New Teres Direct Drive Motor Available as Option

Hi Folks:
It looks like Teres is now offering a direct drive motor as an option on their regualar tables. As a Teres 255 owner I'm contemplating the upgrade. Has anyone tried the new motor on there existing/old Teres, and does it seem like the upgrade is worth it? Here's a link to the new product:

Jeff, I don't know what the force is on the o-ring but it's more than a gram.

We use a very simple but effective method to keep even pressure on the o-ring. The motor pod simply leans against the platter. There are two small rubber feet under the motor pod that are offset from the center that causes that pod to tilt. The pod stands straight up and rests on three points, the two feet and the o-ring. really easy to setup. No springs, pivots or hinges, just gravity.

"No springs, pivots or hinges, just gravity."

Sometimes the old ways are still best.

Thanks for the info Chris.
Gee, the opening statement in the advertisement for this new take on the idler wheel/rim-drive could have been torn out of my earliest - and current - writings on the subject...except for the inclusion of idler-wheel drive as a victim of speed instabilities. Ironic, in a way, since it is the controversy I started a few years back about the speed instabilities of belt-drives - which Teres built their name on - which started the whole debate about which system was superior, sorry if this is boring you, Viridian, I realize that belt-drivers are feeling severely put-upon these days.

Long ago and still now, the bedrock of my insistence the idler-wheel system was superior to the other two systems (DD and BD) was based in simple and actual verification, simple (the lesson in science I kept/keep talking about): comparison in the system of your choice. A theory stands or falls by the experiment, which either proves or disproves it. If experiment/comparison/verification proves a theory wrong (i.e. that belt-drives are not adequate to combating the VERY important and nefarious Stylus Force Drag, which idlers were actually and specifically designed to combat), then it is time to abandon theory. Apparently, by the release of this variant on the rim-drive, Teres now admits I was right, implicitly.

But is this new system superior to the venerable idler-wheel system in terms of speed stability, as advertised, which I have insisted from day one was THE Prime consideration in designing turntables (and only idler-wheel drives designed to provide adequately)? Only verification/experiment/comparison will tell. As with the growing list of megabuck belt-drives falling before the Lenco and other fine and properly set up idler-wheel drives in front of witnesses, this new Teres system will have to face the music, and eventually be compared to a properly set-up idler-wheel drive.

The Teres system is designed in such a way that the motor CANNOT provide the torque of idler-wheel drives, which with their massive 1800 rpm motors can actually lift an 80-pound plinth when engaged at high speed (i.e. 78 rpm), since such a powerful motor directly applied would guarantee rumble (which is non-existent in a properly rebuilt idler-wheel drive, due to its separate and spring-loaded wheel). Not only is it about SPEED STABILITY, it is also about TORQUE.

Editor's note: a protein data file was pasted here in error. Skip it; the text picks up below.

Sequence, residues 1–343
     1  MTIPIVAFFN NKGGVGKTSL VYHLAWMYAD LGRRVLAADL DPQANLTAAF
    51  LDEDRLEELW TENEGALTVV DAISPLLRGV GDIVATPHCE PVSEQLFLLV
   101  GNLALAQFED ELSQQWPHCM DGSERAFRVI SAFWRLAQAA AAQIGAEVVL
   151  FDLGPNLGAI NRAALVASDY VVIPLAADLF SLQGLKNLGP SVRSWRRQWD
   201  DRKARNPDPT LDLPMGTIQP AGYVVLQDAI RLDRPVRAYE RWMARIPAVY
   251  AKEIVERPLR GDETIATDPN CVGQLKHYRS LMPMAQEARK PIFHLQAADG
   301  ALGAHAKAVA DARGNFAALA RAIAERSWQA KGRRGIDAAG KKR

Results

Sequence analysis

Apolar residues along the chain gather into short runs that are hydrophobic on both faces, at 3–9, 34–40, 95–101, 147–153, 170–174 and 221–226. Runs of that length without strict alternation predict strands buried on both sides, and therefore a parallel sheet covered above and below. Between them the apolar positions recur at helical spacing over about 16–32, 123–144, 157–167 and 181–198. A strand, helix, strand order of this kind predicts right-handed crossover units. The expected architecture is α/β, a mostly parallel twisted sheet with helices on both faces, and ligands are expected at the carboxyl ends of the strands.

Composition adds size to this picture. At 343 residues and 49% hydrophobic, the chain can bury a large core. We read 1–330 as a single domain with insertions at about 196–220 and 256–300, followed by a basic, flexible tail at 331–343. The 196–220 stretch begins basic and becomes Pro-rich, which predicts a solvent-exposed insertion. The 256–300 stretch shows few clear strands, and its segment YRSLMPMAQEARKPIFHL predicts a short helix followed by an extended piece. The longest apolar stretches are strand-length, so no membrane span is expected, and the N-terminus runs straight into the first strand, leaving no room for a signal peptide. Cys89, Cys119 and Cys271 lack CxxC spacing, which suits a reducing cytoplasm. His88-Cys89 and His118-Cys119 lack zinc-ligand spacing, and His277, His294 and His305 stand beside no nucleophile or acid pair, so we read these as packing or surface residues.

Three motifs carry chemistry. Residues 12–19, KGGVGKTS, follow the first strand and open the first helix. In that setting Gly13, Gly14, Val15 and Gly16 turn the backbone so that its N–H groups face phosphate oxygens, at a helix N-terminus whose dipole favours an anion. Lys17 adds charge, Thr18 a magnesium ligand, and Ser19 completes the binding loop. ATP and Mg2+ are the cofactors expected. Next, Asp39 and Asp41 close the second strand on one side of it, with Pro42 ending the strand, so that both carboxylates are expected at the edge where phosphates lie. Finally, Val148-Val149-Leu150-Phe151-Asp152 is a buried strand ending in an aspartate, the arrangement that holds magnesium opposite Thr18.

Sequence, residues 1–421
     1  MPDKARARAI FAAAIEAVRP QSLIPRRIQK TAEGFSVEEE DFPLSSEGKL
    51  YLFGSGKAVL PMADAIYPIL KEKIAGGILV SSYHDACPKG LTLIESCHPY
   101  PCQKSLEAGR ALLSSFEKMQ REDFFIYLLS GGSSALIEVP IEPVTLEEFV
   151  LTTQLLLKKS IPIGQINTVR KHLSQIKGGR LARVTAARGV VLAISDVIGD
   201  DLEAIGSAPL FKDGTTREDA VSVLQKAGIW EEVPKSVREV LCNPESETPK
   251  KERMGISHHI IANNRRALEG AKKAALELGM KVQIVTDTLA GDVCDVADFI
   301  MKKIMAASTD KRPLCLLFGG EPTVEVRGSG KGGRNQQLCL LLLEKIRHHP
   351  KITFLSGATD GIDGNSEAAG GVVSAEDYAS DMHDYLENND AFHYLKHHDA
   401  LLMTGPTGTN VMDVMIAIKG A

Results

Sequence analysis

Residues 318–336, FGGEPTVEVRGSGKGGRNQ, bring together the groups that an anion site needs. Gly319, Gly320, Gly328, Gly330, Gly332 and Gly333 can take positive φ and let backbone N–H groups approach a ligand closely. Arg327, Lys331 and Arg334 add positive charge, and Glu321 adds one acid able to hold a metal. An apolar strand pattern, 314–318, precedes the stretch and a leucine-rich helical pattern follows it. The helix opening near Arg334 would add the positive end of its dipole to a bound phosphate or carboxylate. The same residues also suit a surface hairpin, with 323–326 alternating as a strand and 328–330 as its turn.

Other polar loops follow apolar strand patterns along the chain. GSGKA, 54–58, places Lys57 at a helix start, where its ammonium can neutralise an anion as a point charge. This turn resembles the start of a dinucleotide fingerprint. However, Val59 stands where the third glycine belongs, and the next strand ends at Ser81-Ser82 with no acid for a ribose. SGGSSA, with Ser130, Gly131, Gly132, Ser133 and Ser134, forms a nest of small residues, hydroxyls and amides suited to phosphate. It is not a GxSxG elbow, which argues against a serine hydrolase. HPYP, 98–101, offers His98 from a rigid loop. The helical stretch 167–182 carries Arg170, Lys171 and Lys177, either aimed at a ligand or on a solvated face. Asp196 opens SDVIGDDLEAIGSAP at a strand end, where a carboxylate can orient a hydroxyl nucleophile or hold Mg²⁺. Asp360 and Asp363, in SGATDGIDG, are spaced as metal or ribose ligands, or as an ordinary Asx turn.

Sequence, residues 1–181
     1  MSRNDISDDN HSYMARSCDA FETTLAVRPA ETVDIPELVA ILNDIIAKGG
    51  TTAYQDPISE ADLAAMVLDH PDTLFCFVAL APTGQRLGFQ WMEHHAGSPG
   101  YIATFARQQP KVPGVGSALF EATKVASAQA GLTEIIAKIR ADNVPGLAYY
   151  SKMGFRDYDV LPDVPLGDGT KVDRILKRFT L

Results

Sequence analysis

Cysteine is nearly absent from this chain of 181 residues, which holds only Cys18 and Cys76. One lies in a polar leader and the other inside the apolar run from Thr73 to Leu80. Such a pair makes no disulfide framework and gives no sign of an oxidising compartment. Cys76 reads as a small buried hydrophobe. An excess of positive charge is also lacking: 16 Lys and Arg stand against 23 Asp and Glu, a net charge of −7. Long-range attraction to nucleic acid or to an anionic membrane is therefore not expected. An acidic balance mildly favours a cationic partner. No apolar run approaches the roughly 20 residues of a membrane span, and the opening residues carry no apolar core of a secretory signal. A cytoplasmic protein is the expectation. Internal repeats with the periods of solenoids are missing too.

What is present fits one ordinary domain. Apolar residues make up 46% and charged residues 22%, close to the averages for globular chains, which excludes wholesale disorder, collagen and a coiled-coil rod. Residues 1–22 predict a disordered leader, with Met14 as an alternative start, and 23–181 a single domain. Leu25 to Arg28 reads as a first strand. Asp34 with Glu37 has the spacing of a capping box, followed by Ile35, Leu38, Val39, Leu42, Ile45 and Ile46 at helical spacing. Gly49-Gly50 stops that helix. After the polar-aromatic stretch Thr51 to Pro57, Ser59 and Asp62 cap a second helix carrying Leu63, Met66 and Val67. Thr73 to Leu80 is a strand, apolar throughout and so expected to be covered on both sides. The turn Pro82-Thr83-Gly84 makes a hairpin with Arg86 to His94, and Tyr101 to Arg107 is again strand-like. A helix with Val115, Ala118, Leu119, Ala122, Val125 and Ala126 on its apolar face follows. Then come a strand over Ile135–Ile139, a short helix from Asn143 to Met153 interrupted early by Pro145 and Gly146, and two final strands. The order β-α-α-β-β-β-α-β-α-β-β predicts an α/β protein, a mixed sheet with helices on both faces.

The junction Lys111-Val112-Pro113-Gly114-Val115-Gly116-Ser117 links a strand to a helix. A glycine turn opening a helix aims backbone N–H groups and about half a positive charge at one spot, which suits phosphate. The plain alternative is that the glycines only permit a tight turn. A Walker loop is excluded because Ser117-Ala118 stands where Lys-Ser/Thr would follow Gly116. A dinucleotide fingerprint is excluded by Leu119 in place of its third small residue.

That said, it is music to my eyes/ears to see the speed stability of belt-drives questioned in a advertisement of a spin-off of the rim-drive technology (sorry again if this is boring you Viridian ;-), and to Teres I say Bravo. I also wish you luck in the coming comparison :-).
Well, John- who would have thought that that humility would be your most endearing character trait? ;~) I'm not a mechanical engineer or a physicist, but wouldn't torque mostly be an issue in terms of coming to speed from a stop? Once turning at relatively constant 33 or 45 or 78 rpms, wouldn't there be very little torque necessary to overcome stylus drag. I ask this as a serious question, based on my perception of torque as an attribute of a motor that contributes to its ability to accelerate from a stop or at least from low rpms, as in a drag racer from a starting line, where torque at low rpms is just as important as total horsepower at high rpms.
Swampwalker, I don't want to wade into an argument about belt drive vs idler drive vs etc, but "torque" is defined as angular force. So, torque is the product of mass multiplied by acceleration, like any other force. Then, if stylus drag could be thought of as the equivalent of a force that delivers "negative acceleration" to the platter, a high torque motor might be of benefit in overcoming it. The question you raise is however a good one which I have not seen addressed; just what in fact is the magnitude of the force we describe as "stylus drag"? I dunno myself. I think it's key that stylus drag is constantly varying during different musical passages. That's where idlers may have a real advantage, by offering relative immunity to minute changes in platter speed that might other wise result from stylus drag.